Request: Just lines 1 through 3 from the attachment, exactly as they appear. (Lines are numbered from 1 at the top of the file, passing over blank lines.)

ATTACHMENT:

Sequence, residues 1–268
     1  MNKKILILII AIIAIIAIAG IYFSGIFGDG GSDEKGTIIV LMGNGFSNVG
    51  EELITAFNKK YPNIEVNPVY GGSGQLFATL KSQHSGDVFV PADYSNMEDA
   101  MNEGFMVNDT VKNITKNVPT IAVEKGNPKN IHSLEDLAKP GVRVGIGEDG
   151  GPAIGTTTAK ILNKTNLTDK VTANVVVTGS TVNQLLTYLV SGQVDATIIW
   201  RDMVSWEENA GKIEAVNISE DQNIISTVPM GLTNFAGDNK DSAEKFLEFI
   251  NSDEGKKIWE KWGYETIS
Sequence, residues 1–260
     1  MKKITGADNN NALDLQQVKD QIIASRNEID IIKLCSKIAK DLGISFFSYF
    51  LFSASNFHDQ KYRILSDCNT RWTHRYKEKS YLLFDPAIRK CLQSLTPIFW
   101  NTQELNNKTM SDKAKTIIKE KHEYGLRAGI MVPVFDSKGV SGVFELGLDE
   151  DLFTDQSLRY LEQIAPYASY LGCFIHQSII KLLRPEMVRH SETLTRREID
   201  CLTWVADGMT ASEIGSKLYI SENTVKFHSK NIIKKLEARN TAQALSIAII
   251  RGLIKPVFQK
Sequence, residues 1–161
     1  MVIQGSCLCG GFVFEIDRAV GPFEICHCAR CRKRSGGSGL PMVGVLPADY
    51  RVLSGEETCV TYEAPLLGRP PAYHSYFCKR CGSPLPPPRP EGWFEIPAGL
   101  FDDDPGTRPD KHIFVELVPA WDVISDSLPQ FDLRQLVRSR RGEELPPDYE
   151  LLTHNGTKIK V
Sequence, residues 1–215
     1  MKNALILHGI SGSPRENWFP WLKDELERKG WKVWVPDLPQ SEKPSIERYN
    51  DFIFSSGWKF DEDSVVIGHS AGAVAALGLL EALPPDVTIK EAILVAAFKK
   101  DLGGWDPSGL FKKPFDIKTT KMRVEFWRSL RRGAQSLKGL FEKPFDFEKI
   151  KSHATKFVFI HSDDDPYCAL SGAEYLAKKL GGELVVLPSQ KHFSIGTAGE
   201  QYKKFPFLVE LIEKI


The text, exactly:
Sequence, residues 1–268
     1  MNKKILILII AIIAIIAIAG IYFSGIFGDG GSDEKGTIIV LMGNGFSNVG
    51  EELITAFNKK YPNIEVNPVY GGSGQLFATL KSQHSGDVFV PADYSNMEDA